Now, my advice will likely fall on deaf ears, but if I were a senior partner at Legal Helpers, I would seriously rethink your latest expansion strategy.  If you continue to align yourself with these sales outfits that you are currently attracting to market your program, and you don’t take the time to oversee what they are doing and how your firm is being represented, I can tell you that it is not going to end well. You may have started and operate your bankruptcy wing of your business with noble intentions, but in my opinion things started to jump the rails when you ventured into debt settlement. Now recently it appears your train has completely jumped the track by providing a foster home for a large number of these front loaded debt settlement sales outfits. That is surely going to paint a large target.

I also see quite a few complaints about their bankruptcy practices, but by far the majority of complaints stem from their debt settlement operations.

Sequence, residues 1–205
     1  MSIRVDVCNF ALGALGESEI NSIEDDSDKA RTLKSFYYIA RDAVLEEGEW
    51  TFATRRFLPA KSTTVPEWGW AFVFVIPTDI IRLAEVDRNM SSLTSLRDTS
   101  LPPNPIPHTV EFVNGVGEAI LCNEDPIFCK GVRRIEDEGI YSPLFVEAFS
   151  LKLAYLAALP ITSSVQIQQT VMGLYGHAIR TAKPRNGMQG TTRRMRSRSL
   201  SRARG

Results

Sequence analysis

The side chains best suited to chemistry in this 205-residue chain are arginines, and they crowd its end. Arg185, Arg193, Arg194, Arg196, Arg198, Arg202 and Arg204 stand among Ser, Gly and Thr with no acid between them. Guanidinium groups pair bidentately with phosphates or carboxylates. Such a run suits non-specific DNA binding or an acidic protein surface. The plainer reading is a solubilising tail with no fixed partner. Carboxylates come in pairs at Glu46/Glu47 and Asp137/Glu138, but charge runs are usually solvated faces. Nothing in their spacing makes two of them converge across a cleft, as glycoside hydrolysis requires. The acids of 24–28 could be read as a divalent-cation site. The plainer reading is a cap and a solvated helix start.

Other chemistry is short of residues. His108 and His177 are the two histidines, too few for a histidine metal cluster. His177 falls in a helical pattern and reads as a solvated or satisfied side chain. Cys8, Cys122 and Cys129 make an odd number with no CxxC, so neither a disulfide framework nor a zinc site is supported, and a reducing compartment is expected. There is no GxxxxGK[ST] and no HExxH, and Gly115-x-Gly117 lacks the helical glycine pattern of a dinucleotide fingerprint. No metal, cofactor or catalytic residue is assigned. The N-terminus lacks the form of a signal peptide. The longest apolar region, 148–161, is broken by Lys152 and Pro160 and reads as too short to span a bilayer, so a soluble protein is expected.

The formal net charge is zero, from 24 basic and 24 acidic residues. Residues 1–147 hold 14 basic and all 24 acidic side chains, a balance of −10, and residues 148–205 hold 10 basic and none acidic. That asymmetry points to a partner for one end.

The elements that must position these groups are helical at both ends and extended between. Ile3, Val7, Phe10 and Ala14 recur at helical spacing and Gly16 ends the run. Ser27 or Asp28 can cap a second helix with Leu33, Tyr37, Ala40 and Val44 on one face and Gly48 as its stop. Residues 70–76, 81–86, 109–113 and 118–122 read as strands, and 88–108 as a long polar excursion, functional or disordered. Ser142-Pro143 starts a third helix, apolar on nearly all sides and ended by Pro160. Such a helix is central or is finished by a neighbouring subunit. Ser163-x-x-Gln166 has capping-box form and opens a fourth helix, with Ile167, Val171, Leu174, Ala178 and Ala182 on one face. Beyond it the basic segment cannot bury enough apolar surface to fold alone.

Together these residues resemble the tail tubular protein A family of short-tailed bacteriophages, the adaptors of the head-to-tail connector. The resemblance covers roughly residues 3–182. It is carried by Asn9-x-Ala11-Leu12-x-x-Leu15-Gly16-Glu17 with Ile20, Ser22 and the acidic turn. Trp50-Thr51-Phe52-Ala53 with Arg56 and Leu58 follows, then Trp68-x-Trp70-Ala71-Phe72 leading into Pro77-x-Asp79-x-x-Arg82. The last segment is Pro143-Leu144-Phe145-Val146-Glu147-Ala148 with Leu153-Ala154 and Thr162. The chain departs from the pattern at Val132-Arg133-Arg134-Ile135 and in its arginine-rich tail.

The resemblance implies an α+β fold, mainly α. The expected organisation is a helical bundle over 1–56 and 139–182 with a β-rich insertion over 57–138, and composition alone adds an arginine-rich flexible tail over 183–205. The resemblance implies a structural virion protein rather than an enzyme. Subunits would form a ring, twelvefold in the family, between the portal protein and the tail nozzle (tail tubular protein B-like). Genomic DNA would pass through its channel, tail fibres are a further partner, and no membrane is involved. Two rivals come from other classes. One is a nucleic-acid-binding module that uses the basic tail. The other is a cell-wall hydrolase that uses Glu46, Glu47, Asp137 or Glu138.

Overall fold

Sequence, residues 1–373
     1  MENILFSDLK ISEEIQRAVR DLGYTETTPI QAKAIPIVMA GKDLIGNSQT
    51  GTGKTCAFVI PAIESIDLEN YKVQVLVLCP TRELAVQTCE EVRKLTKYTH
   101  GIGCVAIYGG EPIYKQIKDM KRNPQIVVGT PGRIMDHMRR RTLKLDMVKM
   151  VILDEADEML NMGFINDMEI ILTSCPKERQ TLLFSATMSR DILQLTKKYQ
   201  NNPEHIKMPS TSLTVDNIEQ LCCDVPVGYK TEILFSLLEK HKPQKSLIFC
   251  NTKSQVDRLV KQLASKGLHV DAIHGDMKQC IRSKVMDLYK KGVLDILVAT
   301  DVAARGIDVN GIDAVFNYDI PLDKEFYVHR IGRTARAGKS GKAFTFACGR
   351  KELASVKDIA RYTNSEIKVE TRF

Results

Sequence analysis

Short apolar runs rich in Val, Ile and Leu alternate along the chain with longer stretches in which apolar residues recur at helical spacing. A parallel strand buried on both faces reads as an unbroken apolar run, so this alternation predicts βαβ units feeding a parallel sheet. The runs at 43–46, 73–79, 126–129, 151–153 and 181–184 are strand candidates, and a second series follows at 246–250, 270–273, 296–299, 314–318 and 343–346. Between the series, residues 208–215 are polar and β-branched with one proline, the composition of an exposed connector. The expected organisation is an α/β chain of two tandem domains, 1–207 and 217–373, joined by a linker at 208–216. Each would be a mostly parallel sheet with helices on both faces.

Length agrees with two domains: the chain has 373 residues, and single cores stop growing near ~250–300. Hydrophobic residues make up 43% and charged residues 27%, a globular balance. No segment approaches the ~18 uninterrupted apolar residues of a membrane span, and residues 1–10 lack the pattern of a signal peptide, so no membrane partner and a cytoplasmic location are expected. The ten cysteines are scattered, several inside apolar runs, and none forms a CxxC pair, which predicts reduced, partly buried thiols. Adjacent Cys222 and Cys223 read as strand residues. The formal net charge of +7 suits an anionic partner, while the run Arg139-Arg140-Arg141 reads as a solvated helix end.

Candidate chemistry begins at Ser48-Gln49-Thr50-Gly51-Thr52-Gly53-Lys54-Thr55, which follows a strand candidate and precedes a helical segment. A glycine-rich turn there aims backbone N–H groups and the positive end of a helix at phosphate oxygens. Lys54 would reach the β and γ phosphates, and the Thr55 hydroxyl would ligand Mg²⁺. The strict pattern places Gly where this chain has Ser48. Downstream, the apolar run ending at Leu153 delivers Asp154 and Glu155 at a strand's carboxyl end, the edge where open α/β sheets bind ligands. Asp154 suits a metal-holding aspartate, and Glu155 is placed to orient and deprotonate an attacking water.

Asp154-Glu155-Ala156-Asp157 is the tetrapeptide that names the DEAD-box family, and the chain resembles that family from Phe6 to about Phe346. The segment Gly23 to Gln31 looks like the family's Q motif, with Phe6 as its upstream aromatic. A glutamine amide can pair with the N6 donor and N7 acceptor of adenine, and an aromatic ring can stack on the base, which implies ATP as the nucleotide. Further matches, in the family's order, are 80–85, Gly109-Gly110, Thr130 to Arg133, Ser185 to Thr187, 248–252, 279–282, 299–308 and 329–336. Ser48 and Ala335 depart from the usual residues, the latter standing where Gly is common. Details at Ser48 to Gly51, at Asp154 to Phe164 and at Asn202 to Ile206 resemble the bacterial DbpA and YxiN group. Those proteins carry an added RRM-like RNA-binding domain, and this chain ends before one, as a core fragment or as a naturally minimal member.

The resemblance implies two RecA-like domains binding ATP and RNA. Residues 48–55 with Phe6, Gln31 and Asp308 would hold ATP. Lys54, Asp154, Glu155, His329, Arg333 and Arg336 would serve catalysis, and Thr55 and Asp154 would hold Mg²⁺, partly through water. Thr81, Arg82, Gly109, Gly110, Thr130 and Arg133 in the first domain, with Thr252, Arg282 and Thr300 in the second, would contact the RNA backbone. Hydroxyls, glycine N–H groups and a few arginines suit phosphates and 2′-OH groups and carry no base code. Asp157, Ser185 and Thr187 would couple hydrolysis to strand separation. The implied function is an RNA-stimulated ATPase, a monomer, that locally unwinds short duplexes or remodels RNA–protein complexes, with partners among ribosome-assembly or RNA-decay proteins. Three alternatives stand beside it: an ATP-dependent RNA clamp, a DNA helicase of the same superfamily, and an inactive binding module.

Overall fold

Largest Bankruptcy Firm Pushes Settlement?

“It’s The Fees Stupid”

On the front page of the Legal Helpers website, they clearly state that they are the “Nations Largest Consumer Bankruptcy Law Firm.” In fact I have noticed an effort by their sales affiliates recently to try to shake off the stigma of debt settlement and claim they are not a debt settlement company. So it is clear that they are a bankruptcy law firm and go out of their way to not call themselves a debt settlement company.  (A.D.D. Moment: why are they taking on all of these new Debt Settlement sales organizations who are looking for a front loaded back end company if they are not a debt settlement company?)